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Year : 2019  |  Volume : 8  |  Issue : 1  |  Page : 1-24

Molecular mediators, characterization of signaling pathways with descriptions of cellular distinctions in pathophysiology of cardiac hypertrophy and molecular changes underlying a transition to heart failure

1 Department of Biomedical Sciences, College of Health Sciences, Arsi University, Asella, Oromia, Ethiopia
2 Department of Public Health, College of Health Sciences, Arsi University, Asella, Oromia, Ethiopia

Correspondence Address:
Mr. Leta Shiferaw Melaku
Department of Biomedical Sciences, College of Health Sciences, Arsi University, Asella, Oromia
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Source of Support: None, Conflict of Interest: None

DOI: 10.4103/ijhas.IJHAS_104_17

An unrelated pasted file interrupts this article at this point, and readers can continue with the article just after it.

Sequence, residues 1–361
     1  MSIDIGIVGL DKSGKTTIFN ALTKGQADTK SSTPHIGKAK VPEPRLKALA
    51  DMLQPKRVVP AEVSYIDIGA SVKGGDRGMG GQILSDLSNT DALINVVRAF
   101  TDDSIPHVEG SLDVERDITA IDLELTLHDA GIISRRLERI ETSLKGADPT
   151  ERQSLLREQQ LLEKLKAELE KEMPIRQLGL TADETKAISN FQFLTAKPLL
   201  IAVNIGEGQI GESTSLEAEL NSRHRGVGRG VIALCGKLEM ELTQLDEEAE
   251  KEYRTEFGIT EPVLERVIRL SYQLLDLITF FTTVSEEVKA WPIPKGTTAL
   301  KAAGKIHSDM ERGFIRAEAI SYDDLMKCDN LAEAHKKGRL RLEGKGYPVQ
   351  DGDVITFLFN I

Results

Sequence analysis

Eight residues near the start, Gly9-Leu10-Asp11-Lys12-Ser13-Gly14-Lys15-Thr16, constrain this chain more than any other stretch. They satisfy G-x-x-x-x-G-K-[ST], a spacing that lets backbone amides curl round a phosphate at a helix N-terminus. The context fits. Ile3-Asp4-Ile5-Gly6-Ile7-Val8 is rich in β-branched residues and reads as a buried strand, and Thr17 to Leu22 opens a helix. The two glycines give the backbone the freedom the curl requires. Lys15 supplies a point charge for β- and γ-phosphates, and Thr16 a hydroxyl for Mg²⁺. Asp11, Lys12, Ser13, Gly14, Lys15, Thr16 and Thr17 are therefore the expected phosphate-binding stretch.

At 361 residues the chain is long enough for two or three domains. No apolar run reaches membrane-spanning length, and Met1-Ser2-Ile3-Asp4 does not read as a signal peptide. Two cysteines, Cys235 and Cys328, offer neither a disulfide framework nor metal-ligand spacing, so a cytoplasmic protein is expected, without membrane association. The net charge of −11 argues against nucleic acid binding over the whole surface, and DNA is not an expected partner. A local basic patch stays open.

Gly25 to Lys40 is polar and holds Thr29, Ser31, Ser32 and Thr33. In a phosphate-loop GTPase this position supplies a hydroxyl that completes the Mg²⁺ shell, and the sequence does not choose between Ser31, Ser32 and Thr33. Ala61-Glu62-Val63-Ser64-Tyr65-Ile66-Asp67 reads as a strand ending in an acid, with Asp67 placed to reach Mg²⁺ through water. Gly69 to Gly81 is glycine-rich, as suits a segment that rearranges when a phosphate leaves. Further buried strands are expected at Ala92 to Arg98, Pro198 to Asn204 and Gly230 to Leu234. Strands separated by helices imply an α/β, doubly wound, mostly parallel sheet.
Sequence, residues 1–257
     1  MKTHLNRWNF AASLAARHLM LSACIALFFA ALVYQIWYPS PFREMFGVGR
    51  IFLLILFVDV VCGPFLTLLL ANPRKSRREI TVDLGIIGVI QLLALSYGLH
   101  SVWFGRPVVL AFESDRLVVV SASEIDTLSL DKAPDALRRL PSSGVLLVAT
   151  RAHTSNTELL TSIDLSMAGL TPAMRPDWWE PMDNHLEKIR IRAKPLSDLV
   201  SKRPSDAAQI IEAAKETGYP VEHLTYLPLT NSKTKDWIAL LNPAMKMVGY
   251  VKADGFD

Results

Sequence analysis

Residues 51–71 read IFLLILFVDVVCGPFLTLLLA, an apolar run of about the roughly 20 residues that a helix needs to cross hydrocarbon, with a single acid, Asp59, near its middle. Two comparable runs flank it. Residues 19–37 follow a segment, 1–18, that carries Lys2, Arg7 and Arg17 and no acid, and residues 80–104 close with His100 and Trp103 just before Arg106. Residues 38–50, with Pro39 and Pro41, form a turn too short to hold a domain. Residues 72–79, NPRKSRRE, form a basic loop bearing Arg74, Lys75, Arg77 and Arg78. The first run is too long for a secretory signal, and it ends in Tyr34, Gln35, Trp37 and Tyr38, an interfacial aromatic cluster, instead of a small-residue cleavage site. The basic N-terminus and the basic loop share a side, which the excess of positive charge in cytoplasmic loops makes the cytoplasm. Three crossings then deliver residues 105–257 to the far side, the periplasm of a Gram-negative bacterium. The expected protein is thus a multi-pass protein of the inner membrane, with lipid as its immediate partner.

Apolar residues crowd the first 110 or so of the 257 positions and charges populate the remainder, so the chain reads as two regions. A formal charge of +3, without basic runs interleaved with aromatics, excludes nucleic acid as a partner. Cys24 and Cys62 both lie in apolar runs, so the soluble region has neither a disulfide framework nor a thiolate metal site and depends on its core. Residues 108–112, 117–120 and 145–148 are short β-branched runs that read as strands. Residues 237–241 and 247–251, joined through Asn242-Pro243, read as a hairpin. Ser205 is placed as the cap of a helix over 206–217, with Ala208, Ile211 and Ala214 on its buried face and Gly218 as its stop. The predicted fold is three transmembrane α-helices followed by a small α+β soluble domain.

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The heart is composed of cardiac myocytes, nonmyocytes, and surrounding extracellular matrix. Cardiac hypertrophy (CH) is molecular, cellular, and interstitial changes that manifest clinically as changes in size, shape, and function of the heart in a response to mechanical and neurohormonal stimuli. CH is recognized as an adaptive process to a variety of physiological and pathological conditions. Although adult-onset hypertrophy can ultimately lead to disease, CH is not necessarily maladaptive and can even be beneficial. It enables myocytes to increase their work output, which improves cardiac pump function. The pathophysiology of CH is complex and multifactorial, as it touches on several cellular and molecular systems. Numerous mediators have been found to be involved in its pathogenesis that includes mitogen-activated protein kinases, protein kinase C, insulin-like growth factor-1, phosphoinositide 3-kinase-Akt/protein kinase B, calcineurin-nuclear factor of activated T cell, and mammalian target of rapamycin. CH is usually considered a poor prognostic sign and is associated with nearly all forms of heart failure. Understanding the molecular background of CH is essential to slow down the destined progression to heart failure. CH has been considered as an important risk factor for cardiac morbidity and mortality whose prevalence has increased during the past few decades. This knowledge will allow the identification of novel molecular targets for pharmacological intervention and will assist the future development of therapeutic strategies for managing cardiovascular disorders. This brief review will give a general overview of basic morphology of heart, various molecular signal transduction pathways, the regulators of CH, and molecular changes underlying a transition to heart failure.

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